• Medicaid
  • Social Security Disability Insurance (SSDI)
  • Supplemental Security Income (SSI)
  • Optional State Supplements (OSS)

Does Social Security Disability Pay for Assisted Living?

SSDI is available for people who are not able to work because of a medical condition that is expected to last for at least one year. 

How much you can qualify for depends on the age when you became disabled and the number of years you were able to work before becoming disabled.

To qualify for SSDI, you are required to pass two different earnings tests:

  1. A recent work test which is based on the age when you became disabled; and
  2. A duration of work test that will determine the length of time you worked.

For example, if you become disabled at age 30, you will need to have worked for at least 2 years to qualify for SSDI.

If you or your family member believes you may qualify for SSDI, you can apply here.

How much you can expect to receive in SSDI payments will depend and will vary from person to person because SSDI benefits are based on the average lifetime earnings of the disabled individual, but the average is somewhere between $800 and $1800 per month.

The amount of SSDI allotted each month can also be reduced if you collect other disability payments like worker’s comp or temporary state benefits.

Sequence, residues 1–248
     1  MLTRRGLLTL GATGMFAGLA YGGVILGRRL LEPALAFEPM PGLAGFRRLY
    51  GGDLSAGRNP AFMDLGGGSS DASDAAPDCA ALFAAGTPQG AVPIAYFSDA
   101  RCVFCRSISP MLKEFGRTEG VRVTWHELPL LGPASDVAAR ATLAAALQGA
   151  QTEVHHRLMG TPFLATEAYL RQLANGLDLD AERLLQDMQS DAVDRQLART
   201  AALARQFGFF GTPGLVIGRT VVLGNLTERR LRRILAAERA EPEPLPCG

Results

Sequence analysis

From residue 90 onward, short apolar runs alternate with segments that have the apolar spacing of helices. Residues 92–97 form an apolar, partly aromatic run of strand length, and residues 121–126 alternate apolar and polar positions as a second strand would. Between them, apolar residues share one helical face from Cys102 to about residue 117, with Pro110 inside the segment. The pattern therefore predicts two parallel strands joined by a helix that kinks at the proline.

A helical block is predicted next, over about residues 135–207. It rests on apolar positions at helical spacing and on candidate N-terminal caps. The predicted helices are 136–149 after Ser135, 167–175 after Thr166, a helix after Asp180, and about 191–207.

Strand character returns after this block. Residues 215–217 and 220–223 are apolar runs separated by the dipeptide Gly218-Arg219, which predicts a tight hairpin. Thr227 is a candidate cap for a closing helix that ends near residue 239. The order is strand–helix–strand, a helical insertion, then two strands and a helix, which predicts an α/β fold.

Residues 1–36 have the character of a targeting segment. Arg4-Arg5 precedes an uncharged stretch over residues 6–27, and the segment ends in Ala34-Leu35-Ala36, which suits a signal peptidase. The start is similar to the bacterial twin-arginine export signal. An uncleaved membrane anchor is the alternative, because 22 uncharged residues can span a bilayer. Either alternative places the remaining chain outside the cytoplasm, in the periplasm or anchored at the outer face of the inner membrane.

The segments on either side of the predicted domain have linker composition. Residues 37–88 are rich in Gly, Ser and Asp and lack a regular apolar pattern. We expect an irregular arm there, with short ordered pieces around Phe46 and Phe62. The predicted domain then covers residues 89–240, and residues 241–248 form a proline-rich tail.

As with Social Security benefits, those who receive SSDI benefits are free to use the funds as they see fit, which includes use for assisted living costs.

Does SSI Pay for Assisted Living? 

SSI, Supplemental Security Income, are federal benefits for persons with limited income and assets. 

Since SSI is a needs-based program, applicants must meet the following requirements:

  • Aged 65 or older, blind, or disabled
  • Low income
  • Low assets

Even if you do not qualify for SSDI, you may qualify for SSI benefits to help supplement your income. There are no restrictions on how SSI is spent, and the average payment for a single person is $700. 

SSI payments are sent directly to the recipient who may decide to use it to pay for a portion of their assisted living costs similarly to Social Security benefits. 

Do Optional State Supplements Pay for Assisted Living?

Optional State Supplements are state funds that are available, in addition to federal SSI benefits, to help pay for residence in an assisted living community. OSS benefits are based on income and assisted living residents must meet certain eligibility criteria which may differ from state to state.